A lawsuit that accuses Google of improperly tracking Safari users has moved forward in the UK’s Court of Appeal.
A group of Internet privacy activists alleged that Google circumvented security settings on the Apple Web browser to target users for advertising. The plaintiffs claimed that Google bypassed the privacy settings in Safari with cookies that kept track of their Internet activity without their knowledge.
“It’s high time Google apologized to British consumers and accepted that it must answer to the courts.”
“Attempting to trivialize this serious abuse of consumers’ wishes is a disgrace. It’s high time Google apologized to British consumers and accepted that it must answer to the courts in a country where it continues to make profits. It clearly won’t do that, so it seems the only way to ensure Google is truly sorry is to force the company to pay damages to British consumers whose rights they have abused,” Marc Bradshaw, one of the claimants in the case, said in a statement.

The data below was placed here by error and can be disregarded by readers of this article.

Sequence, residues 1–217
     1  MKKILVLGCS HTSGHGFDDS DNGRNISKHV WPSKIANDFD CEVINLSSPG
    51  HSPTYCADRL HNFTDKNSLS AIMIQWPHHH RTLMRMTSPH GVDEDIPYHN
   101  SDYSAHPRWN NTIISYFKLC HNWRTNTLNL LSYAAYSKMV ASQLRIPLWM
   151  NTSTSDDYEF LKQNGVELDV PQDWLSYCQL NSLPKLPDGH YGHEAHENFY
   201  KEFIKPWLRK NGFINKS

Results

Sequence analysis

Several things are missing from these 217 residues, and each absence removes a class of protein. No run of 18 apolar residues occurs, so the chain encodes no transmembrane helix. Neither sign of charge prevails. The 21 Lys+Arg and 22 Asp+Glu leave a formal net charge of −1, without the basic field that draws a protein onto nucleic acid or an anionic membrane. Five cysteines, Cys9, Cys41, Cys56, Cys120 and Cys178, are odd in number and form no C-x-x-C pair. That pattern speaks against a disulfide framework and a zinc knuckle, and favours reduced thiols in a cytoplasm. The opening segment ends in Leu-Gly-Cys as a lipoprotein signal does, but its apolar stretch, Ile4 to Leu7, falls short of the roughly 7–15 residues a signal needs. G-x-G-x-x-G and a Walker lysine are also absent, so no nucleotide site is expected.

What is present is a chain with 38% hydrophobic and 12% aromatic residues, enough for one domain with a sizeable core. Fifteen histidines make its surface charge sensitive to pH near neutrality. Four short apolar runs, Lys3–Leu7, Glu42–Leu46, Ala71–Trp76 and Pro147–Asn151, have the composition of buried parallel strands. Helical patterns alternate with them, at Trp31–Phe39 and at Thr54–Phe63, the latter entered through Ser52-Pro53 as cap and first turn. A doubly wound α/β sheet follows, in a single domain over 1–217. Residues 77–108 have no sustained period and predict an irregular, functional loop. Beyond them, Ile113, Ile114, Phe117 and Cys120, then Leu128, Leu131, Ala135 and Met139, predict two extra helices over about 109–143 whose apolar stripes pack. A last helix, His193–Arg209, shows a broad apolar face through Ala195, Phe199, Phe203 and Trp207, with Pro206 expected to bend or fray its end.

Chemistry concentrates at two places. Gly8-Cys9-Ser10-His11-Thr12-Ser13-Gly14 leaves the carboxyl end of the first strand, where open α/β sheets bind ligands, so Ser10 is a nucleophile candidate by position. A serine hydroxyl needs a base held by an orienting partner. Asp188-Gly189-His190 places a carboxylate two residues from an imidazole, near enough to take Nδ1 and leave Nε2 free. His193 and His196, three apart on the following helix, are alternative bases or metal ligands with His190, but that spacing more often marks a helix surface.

Today’s decision effectively upholds a January High Court ruling that said that the case falls within the jurisdiction of the UK.
“On the face of it, these claims raise serious issues which merit a trial. They concern what is alleged to have been the secret and blanket tracking and collation of information, often of an extremely private nature, as specified in the confidential schedules, about and associated with the claimants’ Internet use, and the subsequent use of that information for about nine months. The case relates to the anxiety and distress this intrusion upon autonomy has caused,” the decision read.
Reacting to the ruling, Google told the BBC that it was “disappointed with the court’s decision.”
The ruling may encourage more British users to sue Google. “Effectively, the Court of Appeal will decide whether British consumers have any means to sue Google, now or in the future,” said Dan Tench, a partner at Olswang, the law firm representing the plaintiffs.
This is not the first time that Google has been sued for its privacy setting workarounds in Safari. In November of 2013, it settled with U.S. state attorneys for $17 million. It also paid a $22.5 million dollar fine to the Federal Trade Commission in August of 2012.
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